Mograbieh is a gorgeous large couscous, one of several varieties available around the Mediterranean and Middle East that includes maftoul, fregola, giant couscous, pearl couscous and Israeli couscous. They are generally widely available – some in supermarkets but the best in Middle Eastern groceries. Although there are differences, they can be interchanged in many recipes.
This recipe is a delightful and unusual soup – who has heard of eggplant soup before? Today we have one for you. It is Israeli in origin, and features in Tamimi and Ottolenghi’s book Jerusalem. The texture is from the mograbieh and fried eggplant, and the smooth soup base is char-roasted eggplant and tomatoes.
It is Ottolenghi day on the blog – one of two days per month where we publish all the latest posts of recipes we have tried in our project of cooking from Ottolenghi books – those we have cooked directly and those we have been inspired by. Currently we are cooking mainly from Plenty More, but not ignoring his other books completely. Note that I often massage the recipes to suit what is available from our garden and pantry. For the original recipes, check his books and his Guardian column.
Browse our Eggplant recipes. Mograbieh dishes, and our Soups. Our Ottolenghi dishes from Plenty More are here. We have written about our experiences cooking through this book. Or explore our Late Autumn recipes.
Burnt Aubergine and Mograbieh Soup
5 small eggplants
sunflower oil for frying
1 onion, sliced
1 Tblspn cumin seeds
1 tspn tomato puree
2 large tomatoes, diced
350 ml vegetable stock or water
400 ml water
4 cloves garlic, crushed
2 tspn sugar
2 Tblspn lemon juice
sea salt and black pepper
100g mograbieh, maftoul, fregola, Israel couscous or giant couscous
2 Tblspn basil, shredded, or 1 Tblspn chopped dill, optional
Start by burning three aubergines. If you have a gas hob, line the base with foil to protect it, keeping only the burners exposed. Place the aubergines directly on separate moderate flames and roast for 15-18 minutes, until the skin is burnt and flaky and the flesh is soft. Use metal tongs to turn them occasionally. Alternatively, score the aubergine with a knife in a few places, a couple of centimetres deep, and place on a baking sheet under a hot grill for about an hour. Turn them around every 20 minutes or so and continue to cook even if they burst and break. Or the best way to char them is in a covered BBQ, which takes 15-20 minutes -turn them periodically until all sides are charred and the flesh is soft.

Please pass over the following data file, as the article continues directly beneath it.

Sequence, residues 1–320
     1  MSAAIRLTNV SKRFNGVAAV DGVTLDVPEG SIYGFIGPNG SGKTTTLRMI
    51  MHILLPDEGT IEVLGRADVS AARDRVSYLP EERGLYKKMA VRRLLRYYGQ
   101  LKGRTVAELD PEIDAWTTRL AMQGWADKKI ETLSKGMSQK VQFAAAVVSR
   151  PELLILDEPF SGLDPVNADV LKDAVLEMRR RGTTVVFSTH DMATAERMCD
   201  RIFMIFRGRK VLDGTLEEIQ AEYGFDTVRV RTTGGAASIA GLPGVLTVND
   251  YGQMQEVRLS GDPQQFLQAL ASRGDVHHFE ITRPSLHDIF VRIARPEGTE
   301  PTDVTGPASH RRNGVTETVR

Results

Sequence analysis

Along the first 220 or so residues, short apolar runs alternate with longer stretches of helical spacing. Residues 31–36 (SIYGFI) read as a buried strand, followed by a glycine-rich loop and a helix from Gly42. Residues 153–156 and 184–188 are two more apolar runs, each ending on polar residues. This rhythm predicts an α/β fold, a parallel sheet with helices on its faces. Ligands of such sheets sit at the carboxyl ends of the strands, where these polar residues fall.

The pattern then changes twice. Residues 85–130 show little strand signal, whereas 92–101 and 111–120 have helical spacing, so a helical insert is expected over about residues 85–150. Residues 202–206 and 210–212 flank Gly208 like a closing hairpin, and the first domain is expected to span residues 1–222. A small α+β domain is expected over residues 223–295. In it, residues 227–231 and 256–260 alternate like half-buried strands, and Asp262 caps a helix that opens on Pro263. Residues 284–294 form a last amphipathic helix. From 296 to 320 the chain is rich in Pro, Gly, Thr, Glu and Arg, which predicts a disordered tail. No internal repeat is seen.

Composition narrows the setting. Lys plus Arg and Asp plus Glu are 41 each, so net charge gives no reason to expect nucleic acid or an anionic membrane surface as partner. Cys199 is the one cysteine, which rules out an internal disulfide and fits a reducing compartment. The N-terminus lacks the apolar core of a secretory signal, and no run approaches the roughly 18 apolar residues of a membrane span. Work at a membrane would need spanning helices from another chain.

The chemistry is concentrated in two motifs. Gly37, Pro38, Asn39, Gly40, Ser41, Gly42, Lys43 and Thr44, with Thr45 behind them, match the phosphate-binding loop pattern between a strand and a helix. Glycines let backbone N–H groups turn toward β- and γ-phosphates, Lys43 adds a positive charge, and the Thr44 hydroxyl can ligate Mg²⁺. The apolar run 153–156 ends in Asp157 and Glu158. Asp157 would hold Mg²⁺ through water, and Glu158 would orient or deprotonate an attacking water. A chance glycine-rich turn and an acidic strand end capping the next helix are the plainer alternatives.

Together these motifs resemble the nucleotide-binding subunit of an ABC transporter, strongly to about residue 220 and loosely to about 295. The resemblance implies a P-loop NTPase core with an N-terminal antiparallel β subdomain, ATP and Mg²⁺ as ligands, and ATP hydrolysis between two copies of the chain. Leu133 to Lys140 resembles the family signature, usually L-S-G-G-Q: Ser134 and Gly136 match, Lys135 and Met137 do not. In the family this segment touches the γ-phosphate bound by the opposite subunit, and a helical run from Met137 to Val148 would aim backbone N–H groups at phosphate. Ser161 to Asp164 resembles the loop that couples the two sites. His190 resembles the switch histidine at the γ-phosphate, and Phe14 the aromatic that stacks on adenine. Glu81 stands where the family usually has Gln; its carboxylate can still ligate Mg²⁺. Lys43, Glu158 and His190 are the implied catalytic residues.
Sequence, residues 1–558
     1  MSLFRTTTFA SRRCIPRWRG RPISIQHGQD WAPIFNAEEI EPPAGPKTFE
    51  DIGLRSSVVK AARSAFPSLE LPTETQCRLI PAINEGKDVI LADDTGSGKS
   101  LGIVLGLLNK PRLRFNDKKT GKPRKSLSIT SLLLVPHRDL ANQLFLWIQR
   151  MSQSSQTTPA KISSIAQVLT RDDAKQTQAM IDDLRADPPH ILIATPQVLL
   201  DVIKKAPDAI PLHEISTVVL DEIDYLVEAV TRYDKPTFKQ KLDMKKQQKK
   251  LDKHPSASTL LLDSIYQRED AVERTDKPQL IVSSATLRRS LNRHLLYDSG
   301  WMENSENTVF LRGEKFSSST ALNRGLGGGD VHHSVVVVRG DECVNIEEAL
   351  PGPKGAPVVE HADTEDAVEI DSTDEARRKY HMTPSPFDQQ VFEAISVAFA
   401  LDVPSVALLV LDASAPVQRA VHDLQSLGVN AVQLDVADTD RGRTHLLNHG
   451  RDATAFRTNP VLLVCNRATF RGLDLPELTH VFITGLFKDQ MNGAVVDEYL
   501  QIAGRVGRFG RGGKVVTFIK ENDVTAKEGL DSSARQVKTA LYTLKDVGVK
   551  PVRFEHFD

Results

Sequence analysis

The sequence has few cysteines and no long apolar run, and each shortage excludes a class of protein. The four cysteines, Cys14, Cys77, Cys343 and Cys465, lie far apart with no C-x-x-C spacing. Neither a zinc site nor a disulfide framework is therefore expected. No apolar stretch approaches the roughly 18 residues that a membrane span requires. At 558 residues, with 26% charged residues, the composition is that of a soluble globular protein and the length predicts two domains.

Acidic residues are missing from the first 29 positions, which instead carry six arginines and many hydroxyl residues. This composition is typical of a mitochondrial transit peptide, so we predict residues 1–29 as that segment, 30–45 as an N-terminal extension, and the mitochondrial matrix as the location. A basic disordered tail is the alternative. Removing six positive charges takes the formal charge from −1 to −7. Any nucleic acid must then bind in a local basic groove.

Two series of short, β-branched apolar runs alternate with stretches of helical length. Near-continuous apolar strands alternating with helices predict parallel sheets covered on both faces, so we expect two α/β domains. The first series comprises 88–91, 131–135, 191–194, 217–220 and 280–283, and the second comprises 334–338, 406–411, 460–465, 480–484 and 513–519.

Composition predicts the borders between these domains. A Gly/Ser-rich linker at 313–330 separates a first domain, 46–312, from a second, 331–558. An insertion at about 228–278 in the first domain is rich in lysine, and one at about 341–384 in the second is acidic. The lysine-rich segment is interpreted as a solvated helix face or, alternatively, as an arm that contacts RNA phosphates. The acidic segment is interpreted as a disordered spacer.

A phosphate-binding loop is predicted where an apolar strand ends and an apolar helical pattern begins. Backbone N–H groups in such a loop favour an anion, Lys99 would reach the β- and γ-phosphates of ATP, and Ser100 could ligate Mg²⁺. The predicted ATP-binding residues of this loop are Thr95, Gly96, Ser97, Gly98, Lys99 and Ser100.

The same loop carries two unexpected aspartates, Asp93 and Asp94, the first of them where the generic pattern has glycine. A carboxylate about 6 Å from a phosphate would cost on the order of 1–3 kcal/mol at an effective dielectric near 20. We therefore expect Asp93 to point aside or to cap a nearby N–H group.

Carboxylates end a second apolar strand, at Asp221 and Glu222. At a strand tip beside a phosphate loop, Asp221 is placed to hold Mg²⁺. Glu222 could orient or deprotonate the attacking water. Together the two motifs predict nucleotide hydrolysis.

Remove the aubergines from the heat and allow them to cool down slightly. Once cool enough to handle, cut an opening along each one and scoop out the flesh, dividing it with your hands into long thin strips. Discard the skin. Drain the flesh in a colander for an hour at least, preferably longer to get rid of as much water as possible.
Cut the remaining aubergines into 1.5cm dice. Heat about 150ml of oil in a large saucepan over a medium-high heat and, when it is hot, add the aubergine dice. Fry for 10-15 minutes, stirring often, until coloured all over; add a little more oil if needed so there is always some oil in the pan. Remove the aubergine, place in a colander to drain and sprinkle with salt.
Make sure you have about 1 Tblspn of oil left in the pan, then add the onion and cumin seeds and saute for about 7 minutes, stirring often. Add the tomato puree and cook for another minute before adding the tomatoes, stock, water, garlic, sugar, lemon juice, 1.5 tspns of salt and some black pepper. Simmer gently for 15 minutes.
Meanwhile, bring a saucepan of salted water to the boil and add the mograbieh or alternative. Cook until al dente; this will vary but should take about 15-18 minutes (check the packet). Drain and refresh under cold water.
Transfer the burnt aubergine flesh and the soup to a blender and blitz to a smooth liquid. Return the soup to the pan. Add the mograbieh and fried aubergine, keeping some for a garnish, and simmer for another 2 minutes. Taste and adjust the seasoning. Serve hot, with the reserved mograbieh and fried aubergine on top and garnished with basil or dill, if you like.
recipe notes and alternatives
A little harissa adds a wonderful spicy hit to the soup. Add instead of tomato puree.